Networking Tips to Build Lasting Relationships

Networking is about building relationships not getting business cards. For some folks it is the most nerve-wrecking thing to do for others it just comes naturally – regardless of where you fall in the spectrum leverage the following tips will help you elevate your networking skills.

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Whether you’re trying to make new friends, you’re at an event or trying to connect with an executive in person or virtually these seven tips will help you build and deepen that relationship.

1. Repeat their name. There are three benefits to repeating someone’s name, one is it shows that you were actively listening, two it will help you remember their name and lastly, it will make them feel acknowledge, seen and respected and that’s a great place to start a relationship. So, as you’re asking them questions, when you say goodbye and when you reconnect with them, say their name. Pro tip: Make sure you’re pronouncing their name right.

2. Active listening is an art. Put your thoughts aside and be fully present in the conversation. Don’t interrupt, judge, jump to conclusions, start planning what to say next or impose your opinions or solutions. Instead stay focused, lean in, nod, make eye contact and make brief verbal/non-verbal affirmations such as “I see” and nodding. Once they’re done, ask follow up questions, make complementary points or paraphrase to confirm you got the main point and, most importantly, let the conversation flow naturally.

3. Ask questions. Having questions is great, it always helps to come in with questions, ask the person for their advice especially if they’ve been/seen in similar situations. It helps keep the conversation going especially the first few times you meet where there can be some awkward silence. Pro tip: Ask them about their experiences and thoughts.

4. Eye contact and open body language. Between 70-93% of all communication is non-verbal. Eye contact and posture are great indicators of someone’s level of attention and focus. According to the a study conducted by Aberdeen University in Scotland, coupling your winning smile with holding someone’s gaze has been proven to create attraction – meaning the person is more likely to like you. Whereas, keeping your frame open (i.e. not crossing your hands/ pointing your feet towards them) and leaning in has been associated with being perceived as receptive, in alignment and having positive attitude.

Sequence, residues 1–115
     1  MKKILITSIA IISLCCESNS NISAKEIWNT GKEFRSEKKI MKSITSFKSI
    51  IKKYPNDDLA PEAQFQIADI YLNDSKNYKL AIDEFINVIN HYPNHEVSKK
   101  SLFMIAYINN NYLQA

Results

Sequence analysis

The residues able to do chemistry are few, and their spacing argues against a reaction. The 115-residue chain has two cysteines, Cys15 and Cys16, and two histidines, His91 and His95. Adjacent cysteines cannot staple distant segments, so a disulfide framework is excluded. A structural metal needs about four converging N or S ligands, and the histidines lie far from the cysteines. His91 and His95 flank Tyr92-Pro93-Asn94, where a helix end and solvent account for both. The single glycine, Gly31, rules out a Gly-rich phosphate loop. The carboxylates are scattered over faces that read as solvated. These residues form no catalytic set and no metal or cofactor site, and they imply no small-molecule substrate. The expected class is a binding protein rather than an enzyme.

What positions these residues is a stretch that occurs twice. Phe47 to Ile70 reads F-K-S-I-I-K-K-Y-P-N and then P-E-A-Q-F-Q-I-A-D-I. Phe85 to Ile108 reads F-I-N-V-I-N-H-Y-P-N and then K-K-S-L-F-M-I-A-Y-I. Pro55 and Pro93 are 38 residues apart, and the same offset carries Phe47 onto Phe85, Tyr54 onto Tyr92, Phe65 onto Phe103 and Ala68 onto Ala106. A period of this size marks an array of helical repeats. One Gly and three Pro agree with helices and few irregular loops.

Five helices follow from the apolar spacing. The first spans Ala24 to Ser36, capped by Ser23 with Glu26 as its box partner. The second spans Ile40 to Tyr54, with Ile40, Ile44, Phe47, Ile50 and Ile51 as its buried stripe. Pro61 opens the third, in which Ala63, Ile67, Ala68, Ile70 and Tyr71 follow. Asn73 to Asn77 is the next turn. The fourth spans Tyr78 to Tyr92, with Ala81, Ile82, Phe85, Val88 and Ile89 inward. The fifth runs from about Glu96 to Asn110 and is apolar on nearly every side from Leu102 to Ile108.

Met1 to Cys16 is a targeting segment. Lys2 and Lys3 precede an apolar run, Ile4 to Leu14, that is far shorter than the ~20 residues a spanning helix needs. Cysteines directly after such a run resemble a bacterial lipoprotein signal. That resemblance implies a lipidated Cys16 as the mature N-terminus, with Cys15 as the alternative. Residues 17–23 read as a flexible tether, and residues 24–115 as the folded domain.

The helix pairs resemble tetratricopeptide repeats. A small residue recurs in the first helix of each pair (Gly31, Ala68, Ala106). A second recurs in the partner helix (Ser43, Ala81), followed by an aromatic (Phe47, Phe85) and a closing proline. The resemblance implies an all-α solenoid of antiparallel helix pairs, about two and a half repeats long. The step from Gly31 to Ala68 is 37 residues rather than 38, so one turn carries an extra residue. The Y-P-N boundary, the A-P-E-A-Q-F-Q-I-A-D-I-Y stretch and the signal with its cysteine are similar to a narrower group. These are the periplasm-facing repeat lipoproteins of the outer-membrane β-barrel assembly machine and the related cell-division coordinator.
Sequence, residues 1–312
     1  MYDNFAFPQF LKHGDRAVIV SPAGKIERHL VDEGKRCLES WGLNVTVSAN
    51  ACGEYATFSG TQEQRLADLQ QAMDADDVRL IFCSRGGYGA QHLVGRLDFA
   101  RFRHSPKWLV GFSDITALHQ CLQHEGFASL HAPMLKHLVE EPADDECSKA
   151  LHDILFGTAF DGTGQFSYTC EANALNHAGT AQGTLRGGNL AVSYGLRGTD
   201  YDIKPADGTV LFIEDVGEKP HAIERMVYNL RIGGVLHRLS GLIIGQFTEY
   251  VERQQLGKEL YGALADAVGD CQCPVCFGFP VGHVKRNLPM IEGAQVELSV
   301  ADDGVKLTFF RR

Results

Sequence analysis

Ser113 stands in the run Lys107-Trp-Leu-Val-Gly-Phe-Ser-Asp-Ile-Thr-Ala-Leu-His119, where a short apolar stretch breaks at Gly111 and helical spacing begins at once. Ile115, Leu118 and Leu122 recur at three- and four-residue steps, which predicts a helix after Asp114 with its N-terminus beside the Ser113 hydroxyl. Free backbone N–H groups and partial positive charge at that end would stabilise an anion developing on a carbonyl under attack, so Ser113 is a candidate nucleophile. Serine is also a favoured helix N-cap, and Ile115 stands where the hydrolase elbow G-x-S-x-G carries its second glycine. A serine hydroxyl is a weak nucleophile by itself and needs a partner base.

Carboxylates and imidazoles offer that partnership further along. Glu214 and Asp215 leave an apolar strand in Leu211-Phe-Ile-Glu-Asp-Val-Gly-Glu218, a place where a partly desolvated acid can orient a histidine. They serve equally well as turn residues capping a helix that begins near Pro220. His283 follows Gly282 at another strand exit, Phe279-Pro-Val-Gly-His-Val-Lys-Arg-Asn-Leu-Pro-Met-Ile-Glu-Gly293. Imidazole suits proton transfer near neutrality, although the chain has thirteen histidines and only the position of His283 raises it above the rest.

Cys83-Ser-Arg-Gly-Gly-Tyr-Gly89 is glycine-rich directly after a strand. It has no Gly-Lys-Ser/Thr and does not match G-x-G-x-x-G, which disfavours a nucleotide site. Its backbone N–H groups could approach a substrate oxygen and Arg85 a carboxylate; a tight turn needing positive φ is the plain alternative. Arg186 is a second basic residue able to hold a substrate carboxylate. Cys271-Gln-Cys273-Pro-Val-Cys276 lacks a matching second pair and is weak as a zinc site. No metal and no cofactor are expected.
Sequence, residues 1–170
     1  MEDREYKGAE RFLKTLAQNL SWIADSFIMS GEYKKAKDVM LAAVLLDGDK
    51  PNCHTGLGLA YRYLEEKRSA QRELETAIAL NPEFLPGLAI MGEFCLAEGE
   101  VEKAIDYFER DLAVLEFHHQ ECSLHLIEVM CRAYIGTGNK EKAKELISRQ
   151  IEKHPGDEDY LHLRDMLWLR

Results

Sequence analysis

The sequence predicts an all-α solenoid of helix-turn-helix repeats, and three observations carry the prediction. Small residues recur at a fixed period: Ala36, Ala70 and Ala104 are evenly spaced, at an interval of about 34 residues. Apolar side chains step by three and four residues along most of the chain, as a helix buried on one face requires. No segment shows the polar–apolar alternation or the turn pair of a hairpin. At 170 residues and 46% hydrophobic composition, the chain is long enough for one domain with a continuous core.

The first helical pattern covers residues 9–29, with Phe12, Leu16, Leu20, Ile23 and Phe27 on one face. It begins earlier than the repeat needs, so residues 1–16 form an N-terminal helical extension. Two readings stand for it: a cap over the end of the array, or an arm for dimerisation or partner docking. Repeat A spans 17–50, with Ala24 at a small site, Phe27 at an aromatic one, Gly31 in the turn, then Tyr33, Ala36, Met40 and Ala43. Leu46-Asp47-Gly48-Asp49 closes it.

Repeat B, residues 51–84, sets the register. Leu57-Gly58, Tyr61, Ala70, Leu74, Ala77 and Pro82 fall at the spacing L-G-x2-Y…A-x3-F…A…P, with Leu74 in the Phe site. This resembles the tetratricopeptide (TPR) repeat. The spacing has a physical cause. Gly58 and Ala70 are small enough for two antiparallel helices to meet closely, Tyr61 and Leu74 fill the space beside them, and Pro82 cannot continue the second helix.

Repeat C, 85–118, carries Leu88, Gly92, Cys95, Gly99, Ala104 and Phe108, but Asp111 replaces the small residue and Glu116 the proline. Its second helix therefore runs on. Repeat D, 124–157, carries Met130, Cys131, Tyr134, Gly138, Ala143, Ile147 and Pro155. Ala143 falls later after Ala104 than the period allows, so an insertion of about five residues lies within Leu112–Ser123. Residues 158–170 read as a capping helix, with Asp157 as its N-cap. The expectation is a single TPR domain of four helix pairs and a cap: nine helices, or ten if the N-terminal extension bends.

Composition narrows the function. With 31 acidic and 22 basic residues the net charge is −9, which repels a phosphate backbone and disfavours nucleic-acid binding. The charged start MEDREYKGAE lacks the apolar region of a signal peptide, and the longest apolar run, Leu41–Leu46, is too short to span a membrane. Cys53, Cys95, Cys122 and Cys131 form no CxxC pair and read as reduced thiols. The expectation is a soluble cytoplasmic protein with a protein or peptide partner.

5. Take notes. Taking notes increases your ability to retain and act on information – while several new studies suggest hand-written notes are best virtual notes are also helpful. Reviewing your notes within 24 hours increases your retention by 70%. If you’re not a great multi-tasker, take notes after your meeting or in short-hand to fill in after the meeting. This will aid you with following up and keeping yourself accountable on any recommended actions/tips noted during your conversation.

6. Follow through & follow up. Relationships are ongoing, not just one-time transactional conversations. Keep the conversation going in the interim, whether it’s emailing an interesting article on a topic you discussed/that is of interest to them or giving them an update and thanks on some advice you took. You don’t need to wait until your next catch up to say hello, just keep in mind the person’s preferred communication channel, is it via LinkedIn, email, text or meeting. If it is a meeting, follow up closer to the next scheduled meeting

7. Set up some touchpoints. If the conversation goes well ask them if it’s okay to perhaps continue the conversation, maybe in a month, every two months or quarterly. It gives you a regular cadence to reconnect. Some people might say no, or say let’s see how it goes and that’s okay but it doesn’t hurt to ask – the worst they can say is “no.” And that’s okay, whether they’ve taken a new role, have some family things they need to settle, etc. – don’t take it personally. If you don’t think there’s chemistry, don’t force the relationship either, it’s not fair to you or them – at the end, relationships are meant to be mutually beneficial.

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